Business school prepares students to evaluate, synthesize, organize, and combine data sources for employers that demand these skills.
In a 2009 GMAC™
survey, more than 700 business school faculty indicated that integrated reasoning (IR) skills—including the evaluation, synthesis, organization, and combination of multiple data sources—are a prerequisite for 21st century management students as they prepare to work in technologically advanced, data-driven environments. In response to the market demand for measuring these critical skills, GMAC introduced the Integrated Reasoning (IR) section to the GMAT™ exam in June 2012. The IR section was designed to measure prospective students’ ability to synthesize information from multiple sources, then manipulate and organize that information to solve complex problems.
Since the launch of IR, GMAC Research has conducted multiple studies on the prevalence of IR skills in business school curricula, the level of employer demand for job candidates with demonstrated integrated reasoning skills, and alumni career outcomes for those who use IR skills regularly on the job.
Results from GMAC’s 2015 Global Management Education Graduate Survey
revealed that IR skills are widely incorporated into graduate business programs. Across the entire spectrum of IR skills, more than 80 percent of graduating students who responded to the survey indicated high levels of incorporation (often or all of the time) in their graduate business study.
Employer demand for job candidates with demonstrated analytical and IR skills continues to grow across industry sectors, partly fueled by the demand for candidates to fill data analytics positions. As the world’s businesses have become increasingly dependent on insights from the vast amounts of data available today, IR skills have become a critical component to the success of business school candidates around the world. In GMAC’s 2014 Year-End Poll of Employers, 61 percent of respondents strongly agreed that today’s business school graduates need to be able to use data in order to drive decisions.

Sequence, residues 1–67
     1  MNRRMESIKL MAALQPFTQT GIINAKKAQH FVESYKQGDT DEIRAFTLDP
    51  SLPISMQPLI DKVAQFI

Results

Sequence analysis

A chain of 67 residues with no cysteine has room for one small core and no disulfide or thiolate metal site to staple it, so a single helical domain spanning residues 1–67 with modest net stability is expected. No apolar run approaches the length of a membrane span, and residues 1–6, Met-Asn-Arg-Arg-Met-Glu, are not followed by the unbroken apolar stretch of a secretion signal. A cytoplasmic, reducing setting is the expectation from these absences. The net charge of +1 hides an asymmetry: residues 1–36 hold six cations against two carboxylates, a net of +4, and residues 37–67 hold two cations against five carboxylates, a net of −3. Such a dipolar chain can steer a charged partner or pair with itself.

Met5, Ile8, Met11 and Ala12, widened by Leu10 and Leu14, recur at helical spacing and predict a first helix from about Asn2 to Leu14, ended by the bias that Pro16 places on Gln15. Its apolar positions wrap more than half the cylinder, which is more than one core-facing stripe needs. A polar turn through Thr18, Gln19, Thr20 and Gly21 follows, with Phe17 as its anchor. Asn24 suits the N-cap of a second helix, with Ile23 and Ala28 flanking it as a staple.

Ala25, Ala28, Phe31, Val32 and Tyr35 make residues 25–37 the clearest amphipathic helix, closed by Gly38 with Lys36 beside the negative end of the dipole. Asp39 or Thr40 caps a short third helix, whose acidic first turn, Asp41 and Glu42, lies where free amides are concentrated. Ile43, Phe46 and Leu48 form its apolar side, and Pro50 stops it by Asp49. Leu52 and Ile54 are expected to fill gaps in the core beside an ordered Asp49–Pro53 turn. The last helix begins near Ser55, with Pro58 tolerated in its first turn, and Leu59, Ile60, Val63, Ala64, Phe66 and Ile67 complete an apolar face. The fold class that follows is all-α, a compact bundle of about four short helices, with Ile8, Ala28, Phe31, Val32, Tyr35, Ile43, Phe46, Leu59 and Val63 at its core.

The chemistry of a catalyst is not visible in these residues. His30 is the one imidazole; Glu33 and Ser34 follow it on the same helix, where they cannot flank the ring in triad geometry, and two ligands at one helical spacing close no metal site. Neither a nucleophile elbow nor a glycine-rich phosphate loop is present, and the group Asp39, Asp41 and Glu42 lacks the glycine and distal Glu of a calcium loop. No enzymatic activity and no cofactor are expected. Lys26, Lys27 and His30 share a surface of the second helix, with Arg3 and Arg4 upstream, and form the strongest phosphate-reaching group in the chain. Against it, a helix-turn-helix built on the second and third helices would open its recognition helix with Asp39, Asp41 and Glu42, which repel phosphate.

In studying the career outcomes of business school alumni, our research shows that the more alumni use IR skills on the job, the higher their median salary is, according to the 2013 Alumni Perspectives Survey. Among business school alumni from the classes of 2003-2008, there was an average difference of US $19,232 between median salaries of those who use IR skills all or most of the time and those who used the skills some of the time to never.
For more on the learning and career outcomes of graduate business school alumni, read the 2016 Alumni Perspectives Survey Report. For more on employer demand for business school graduates, read the 2016 Corporate Recruiters Survey Report.